1. The Fundamentals and Early History of Tunneling

A gem of a book that uses graphical methods to “present the principles in a form congenial to the experimentalist”. © Cambridge University Press. Reprinted with the permission of Cambridge University Press.

The mid 1920’s were the miracle years for Quantum Mechanics. The “Old Quantum Theory” originating with Niels Bohr, had reached crisis point by the end of 1924. Wave-particle duality from Einstein and de Broglie called for something new.

The great theorists, Heisenberg, Born, Jordan, Schrödinger, and Dirac, published different formulations of a new theory that were quickly shown to be equivalent descriptions of Quantum Mechanics. It did not take long before this new theory was being used to explain unusual phenomena.

“Among all the successes of Quantum Mechanics as it evolved in the third decade of he 20th century, none was more impressive than the understanding of the tunnel effect”. So wrote E. Merzbacher in 2002.

“Though I speak with the mathematical tongues of men and of angels, and have not physical intuition, I am become as sounding brass, or a tinkling cymbal,” with apologies to St. Paul.

A graphical method works wonders to develop a physical intuition for tunneling. An excellent book for this is “Elementary Quantum Mechanics” by Ronald Gurney who was one of the first to apply the new mechanics and specifically tunneling to radioactive nuclear disintegration.

Figure 1: Diagram from Gurney showing a particle of total energy W confined to a bucket defined by a potential energy V given by the curve O-P-Q-R (Fig.5, p.6, Gurney, 2nd ed., 1940). © Cambridge University Press. Reprinted with the permission of Cambridge University Press.

Figure 1 above shows a particle confined to a potential energy bucket where its total energy W is less than the potential energy V at the top of the bucket walls but greater than the potential energy within the bucket. The horizontal direction shows position and the vertical direction the energy.

In the new mechanics, de Broglie had proposed that particles have wave properties. Schrödinger thus came out with his wave equation after being encouraged by P. Debye. In Gurney’s marvelous description, “Schrödinger hit on the idea that an equation whose solutions are de Broglie waves where W > V might also give reasonable results where W < V. Figure 2 shows his equation.

Figure 2: Schrödinger’s (time-independent) wave equation for a particle with total energy W in a potential energy V where m is the particle’s mass and h is Planck’s constant. (Equation 2, p.16, Gurney, 2nd ed., 1940). © Cambridge University Press. Reprinted with the permission of Cambridge University Press.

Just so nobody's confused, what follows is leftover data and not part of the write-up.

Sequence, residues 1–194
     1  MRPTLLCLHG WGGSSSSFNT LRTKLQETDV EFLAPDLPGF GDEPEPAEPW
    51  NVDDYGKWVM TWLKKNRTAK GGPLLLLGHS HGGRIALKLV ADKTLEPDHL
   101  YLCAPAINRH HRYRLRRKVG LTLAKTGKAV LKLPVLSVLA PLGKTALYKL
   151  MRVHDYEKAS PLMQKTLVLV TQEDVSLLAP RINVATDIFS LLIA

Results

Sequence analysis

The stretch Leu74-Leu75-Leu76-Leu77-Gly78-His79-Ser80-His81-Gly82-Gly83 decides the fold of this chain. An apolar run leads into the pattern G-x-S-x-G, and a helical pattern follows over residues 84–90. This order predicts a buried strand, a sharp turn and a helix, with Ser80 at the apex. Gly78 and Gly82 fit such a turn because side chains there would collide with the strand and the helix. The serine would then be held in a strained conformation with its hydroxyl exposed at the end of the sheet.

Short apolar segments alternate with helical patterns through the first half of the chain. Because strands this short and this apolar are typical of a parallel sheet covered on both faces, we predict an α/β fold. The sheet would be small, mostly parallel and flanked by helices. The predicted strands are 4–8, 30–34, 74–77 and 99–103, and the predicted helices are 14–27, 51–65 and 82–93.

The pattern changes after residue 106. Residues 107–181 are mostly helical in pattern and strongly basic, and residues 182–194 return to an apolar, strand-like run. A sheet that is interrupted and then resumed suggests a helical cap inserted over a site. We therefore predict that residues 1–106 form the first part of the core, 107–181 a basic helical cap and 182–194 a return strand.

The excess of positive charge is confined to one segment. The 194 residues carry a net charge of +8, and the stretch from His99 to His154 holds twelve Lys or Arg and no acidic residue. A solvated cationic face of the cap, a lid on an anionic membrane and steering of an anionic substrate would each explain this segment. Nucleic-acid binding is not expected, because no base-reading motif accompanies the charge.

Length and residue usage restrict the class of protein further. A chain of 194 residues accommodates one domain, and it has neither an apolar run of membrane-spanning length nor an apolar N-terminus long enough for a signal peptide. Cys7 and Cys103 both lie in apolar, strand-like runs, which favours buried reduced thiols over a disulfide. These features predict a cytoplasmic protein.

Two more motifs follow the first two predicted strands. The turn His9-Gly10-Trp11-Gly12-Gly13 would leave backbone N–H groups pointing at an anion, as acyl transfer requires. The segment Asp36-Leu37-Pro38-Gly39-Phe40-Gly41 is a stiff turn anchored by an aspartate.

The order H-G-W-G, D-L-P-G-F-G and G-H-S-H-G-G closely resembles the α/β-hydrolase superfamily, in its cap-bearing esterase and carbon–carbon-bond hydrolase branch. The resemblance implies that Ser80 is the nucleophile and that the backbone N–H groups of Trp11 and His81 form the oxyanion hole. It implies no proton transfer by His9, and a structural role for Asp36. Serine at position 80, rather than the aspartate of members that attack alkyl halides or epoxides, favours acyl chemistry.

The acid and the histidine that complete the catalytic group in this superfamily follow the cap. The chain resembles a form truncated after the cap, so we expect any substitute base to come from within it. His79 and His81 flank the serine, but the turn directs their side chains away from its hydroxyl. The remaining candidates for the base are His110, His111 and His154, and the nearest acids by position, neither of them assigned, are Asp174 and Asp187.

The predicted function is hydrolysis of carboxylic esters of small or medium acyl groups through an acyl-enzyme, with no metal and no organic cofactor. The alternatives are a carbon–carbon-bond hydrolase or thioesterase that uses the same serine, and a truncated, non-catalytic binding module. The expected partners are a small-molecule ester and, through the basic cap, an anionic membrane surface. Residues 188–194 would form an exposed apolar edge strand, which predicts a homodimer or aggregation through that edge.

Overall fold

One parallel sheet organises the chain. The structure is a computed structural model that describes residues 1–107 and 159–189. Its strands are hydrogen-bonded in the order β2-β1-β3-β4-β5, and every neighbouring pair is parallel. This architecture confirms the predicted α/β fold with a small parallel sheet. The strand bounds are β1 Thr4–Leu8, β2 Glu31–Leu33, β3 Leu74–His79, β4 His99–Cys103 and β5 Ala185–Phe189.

The “thing” that “waves” and is a solution of Schrödinger’s equation is called ψ (“psi” in Greek). Although the wave equation came from Schrödinger, the correct interpretation of ψ came from Born.

It turns out that ψ² is proportional to the probability of finding the particle at any particular position in space. This then connects the strangeness of Quantum Mechanics to actual experimental measurements.

A possible Schrödinger wave pattern solution (time-independent for the purists) for the particle with energy W in the potential energy bucket of Figure 1 is shown in Figure 3.

Figure 3: (a) A possible pattern for the wave function ψ for the particle with energy W in potential energy bucket given in Fig.1. (b) The corresponding pattern for ψ² which is proportional to the probability of finding the particle at any particular position. The vertical dashed lines are the positions of the edges of the potential energy bucket shown in Fig.1. (Fig.12, p.17, Gurney, 2nd ed., 1940). © Cambridge University Press. Reprinted with the permission of Cambridge University Press.

ψ is the wave function pattern while ψ² is the square of its value.

In general, the wave function ψ is a complex number and ψ² is the square of its modulus which is a real number. In our simplified analysis, following Gurney’s approach, we treat the wave function as a real number too.

Notice in Figure 3 ψ² is not zero outside the potential energy bucket but rather decays exponentially towards zero as we get further from the bucket.

Let’s take a closer look at that in Figure 4.

Figure 4: Close -up of what happens at the edge of the potential energy bucket. Quantum mechanics allows the particle to be found outside the bucket since ψ² is not zero and is proportional to the probability of finding the particle at any particular position. © Cambridge University Press. Reprinted with the permission of Cambridge University Press.

In other words, Quantum Mechanics allows a particle to move through a barrier.

As Gurney writes, “the classical division into allowed and forbidden regions disappears”.

The barriers in Figure 1 beyond Q to the right and beyond P to the left stretch to infinity. The probability of finding the particle quickly dies off outside the classically allowed regions as see in Figure 4. These barriers have become “fuzzy” and “diffuse” rather than sharp.